Drexel theater group leads tours through acts of heartbreak, bravery, illumination

A Philadelphia theater company has created an alternative campus tour that tells kids what they “really” need to know.

Now is the time of year when colleges across the country open their campuses to next year’s freshmen and their parents. The tours usually take them through tidy dorms, a shiny gym, and the state-of-the-art computer labs to show them what they can expect for the next four years — and far into a successful future.

A Philadelphia theater company has created an alternative campus tour that tells kids what they “really” need to know.

“Nobody cares. You are a freshman among 3,000 freshmen,” said Camilla Kronenwetter, a senior graphic design major at Drexel University playing a version of herself as a tour guide in “Welcome to Campus.”

“No one is going to work around your schedule,” she said.

Kronenwetter laid down this truth while walking backward down Market Street in University City, with 15 audience members in tow. The preview performance was a rehearsal for the immersive theatrical work generated by the students that opens Feb. 19. It was shaped into a walking play by director Adrienne Mackey.

Mackey is the founder and artistic director of the experimental theater company Swim Pony, and an adjunct theater professor at Drexel University. Since last fall, her students have been writing monologues about their own life-altering experiences at college.

“Welcome to Campus” is structured like an actual campus tour, but in this fictionalized version the guides quickly admit the futility of the official tour.

“It shows a lot of the resources and structure. It shows the potential opportunities,” said Mackey of Drexel’s official tour. “Whereas our show is a lot more about the intimacy, the stuff that happens in between the stuff you officially sign up for.”

Tour stops at unmarked milestones

The tour guides veer off into their own perspectives of college life – bad first dates, long-distance breakups, second-guessing your major, and coming to terms with failure. “It’s mostly based on big life events that happen when you leave home and become an adult in this simulated environment,” said Mackey.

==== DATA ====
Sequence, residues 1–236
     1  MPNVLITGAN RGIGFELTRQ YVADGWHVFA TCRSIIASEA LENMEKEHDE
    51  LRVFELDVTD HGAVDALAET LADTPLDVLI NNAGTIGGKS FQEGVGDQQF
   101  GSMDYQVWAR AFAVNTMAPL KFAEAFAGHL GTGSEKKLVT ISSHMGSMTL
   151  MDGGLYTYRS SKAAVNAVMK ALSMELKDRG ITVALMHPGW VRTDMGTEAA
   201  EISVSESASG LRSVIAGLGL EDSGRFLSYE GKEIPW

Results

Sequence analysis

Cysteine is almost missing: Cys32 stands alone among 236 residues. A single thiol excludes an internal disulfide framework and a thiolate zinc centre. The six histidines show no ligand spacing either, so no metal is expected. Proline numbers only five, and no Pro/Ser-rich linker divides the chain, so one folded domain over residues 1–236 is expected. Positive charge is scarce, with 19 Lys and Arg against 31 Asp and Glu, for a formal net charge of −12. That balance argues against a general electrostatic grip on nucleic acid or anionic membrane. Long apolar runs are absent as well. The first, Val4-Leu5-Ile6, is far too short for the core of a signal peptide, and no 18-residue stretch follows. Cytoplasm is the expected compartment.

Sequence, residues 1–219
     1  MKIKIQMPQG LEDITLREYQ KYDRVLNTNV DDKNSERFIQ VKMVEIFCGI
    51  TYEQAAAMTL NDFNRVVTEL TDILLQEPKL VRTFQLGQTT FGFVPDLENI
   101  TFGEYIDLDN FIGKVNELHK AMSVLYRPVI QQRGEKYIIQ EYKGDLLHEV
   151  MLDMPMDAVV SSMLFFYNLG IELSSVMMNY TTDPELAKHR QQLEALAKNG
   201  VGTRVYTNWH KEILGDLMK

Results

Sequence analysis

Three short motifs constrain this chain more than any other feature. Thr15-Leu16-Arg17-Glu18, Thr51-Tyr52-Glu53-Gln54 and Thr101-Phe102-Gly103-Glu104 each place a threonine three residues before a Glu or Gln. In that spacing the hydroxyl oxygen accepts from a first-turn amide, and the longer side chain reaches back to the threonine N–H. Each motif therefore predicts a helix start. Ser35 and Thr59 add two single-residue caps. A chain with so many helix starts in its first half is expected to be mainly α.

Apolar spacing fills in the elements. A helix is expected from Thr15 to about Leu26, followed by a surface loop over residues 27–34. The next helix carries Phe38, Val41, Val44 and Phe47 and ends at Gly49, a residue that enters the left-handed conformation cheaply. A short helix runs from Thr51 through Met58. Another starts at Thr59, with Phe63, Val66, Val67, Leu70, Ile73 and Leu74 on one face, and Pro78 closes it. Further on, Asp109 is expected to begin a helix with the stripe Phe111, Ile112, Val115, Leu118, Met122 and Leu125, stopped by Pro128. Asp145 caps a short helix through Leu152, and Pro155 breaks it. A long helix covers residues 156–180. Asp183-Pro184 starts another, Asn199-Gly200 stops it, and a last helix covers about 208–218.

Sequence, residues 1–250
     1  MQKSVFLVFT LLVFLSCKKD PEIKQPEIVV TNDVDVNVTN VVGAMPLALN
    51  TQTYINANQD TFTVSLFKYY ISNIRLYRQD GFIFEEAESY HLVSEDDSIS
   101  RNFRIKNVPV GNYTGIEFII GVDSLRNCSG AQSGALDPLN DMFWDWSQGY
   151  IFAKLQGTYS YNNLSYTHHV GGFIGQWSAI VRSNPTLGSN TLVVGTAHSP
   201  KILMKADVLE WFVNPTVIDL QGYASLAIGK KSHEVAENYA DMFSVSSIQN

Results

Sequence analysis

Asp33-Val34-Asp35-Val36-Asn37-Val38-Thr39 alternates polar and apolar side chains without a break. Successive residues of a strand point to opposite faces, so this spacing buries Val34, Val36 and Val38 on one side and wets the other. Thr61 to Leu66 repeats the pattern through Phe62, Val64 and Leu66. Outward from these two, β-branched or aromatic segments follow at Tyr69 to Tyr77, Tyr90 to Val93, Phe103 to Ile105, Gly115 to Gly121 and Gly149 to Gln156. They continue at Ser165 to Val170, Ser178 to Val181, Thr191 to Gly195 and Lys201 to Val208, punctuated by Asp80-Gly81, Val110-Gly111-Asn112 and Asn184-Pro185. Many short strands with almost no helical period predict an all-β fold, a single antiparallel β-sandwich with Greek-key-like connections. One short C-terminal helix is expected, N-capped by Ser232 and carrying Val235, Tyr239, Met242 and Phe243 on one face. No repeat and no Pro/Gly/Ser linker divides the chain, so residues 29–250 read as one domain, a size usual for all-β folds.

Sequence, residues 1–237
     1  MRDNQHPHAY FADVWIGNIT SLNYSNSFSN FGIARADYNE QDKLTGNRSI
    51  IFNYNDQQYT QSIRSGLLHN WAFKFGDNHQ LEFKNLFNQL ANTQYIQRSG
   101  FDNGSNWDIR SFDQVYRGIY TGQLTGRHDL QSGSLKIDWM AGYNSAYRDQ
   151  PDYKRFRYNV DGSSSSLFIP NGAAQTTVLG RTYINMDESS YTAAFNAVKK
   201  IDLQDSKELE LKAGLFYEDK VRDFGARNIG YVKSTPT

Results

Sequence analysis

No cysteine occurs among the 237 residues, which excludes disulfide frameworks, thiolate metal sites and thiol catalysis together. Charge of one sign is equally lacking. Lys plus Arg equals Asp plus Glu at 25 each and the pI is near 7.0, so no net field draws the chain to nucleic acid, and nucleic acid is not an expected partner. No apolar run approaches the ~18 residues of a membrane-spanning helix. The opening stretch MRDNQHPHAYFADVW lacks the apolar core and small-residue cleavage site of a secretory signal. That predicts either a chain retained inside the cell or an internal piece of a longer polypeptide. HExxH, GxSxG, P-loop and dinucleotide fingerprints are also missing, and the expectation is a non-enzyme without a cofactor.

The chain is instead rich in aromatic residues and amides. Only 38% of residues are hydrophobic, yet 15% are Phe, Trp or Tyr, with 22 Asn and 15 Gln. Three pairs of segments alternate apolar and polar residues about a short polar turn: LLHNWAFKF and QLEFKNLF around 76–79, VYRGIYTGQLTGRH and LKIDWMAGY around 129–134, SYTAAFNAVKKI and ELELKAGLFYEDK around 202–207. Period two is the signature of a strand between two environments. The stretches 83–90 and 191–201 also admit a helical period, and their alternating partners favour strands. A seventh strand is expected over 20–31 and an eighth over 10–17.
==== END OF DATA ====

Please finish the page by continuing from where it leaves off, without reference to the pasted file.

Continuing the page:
“Welcome to Drexel,” announced Dean Bloomingdale to the audience, performing as himself as a campus tour guide. “Or, more specifically, your life at Drexel.”

Bloomingdale, a music industry major, led the audience to a sidewalk curb outside of Drexel’s URBN Center on Market Street (the audience – limited to 15 people per performance – will walk almost two miles during the 90-minute show). He sat them down on the curb and told them how they can expect to realize that a long-term relationship must end, just as he did in this exact spot.

“You were worried about what would happen when you both went off to college, but you were going to make it work,” said Bloomingdale in the 27-degree chill. “You realize you can’t be with this person. Things can’t go on the way they are, and you know that.”

Drexel University does not offer a theater major. These performers are studying biology, economics, international affairs, and graphic design. In lieu of a degree, the university offers stipended scholarships to selected students interested in theater.

Mackey was invited to create an original theater piece with these students through the Mandell Professionals in Residence Project. She designed the experimental theater tour to show what live theater can do, that TV and movies cannot.

“When you go to Gettysburg, part of the power of being there is knowing this amazing thing happened,” said Mackey. “Here, you’re going into a classroom where somebody had a life-changing moment because they read a text. It changed this person’s life, and it’s just this boring classroom.”

One of the theatrical tour guides is an actual tour guide at Drexel. Aman Milliones-Roman is a sophomore studying biology and Japanese. He also has a theater scholarship and went through the lengthy training process to be an official tour guide representing the University.

He says being a fictitious tour guide makes him a better real tour guide.

“It’s a lot more what I would like tours to be,” said Milliones-Roman. “They tell us to give our own experience, but you can’t do that fully. The show really helps me to give people a sense of what Drexel actually is, instead of just the shiny surface. It’s refreshing.”

“Welcome to Campus” begins Wednesday for a limited run. There will be 10 performances, each with a maximum of 15 audience members.

Want a digest of WHYY’s programs, events & stories? Sign up for our weekly newsletter.

Together we can reach 100% of WHYY’s fiscal year goal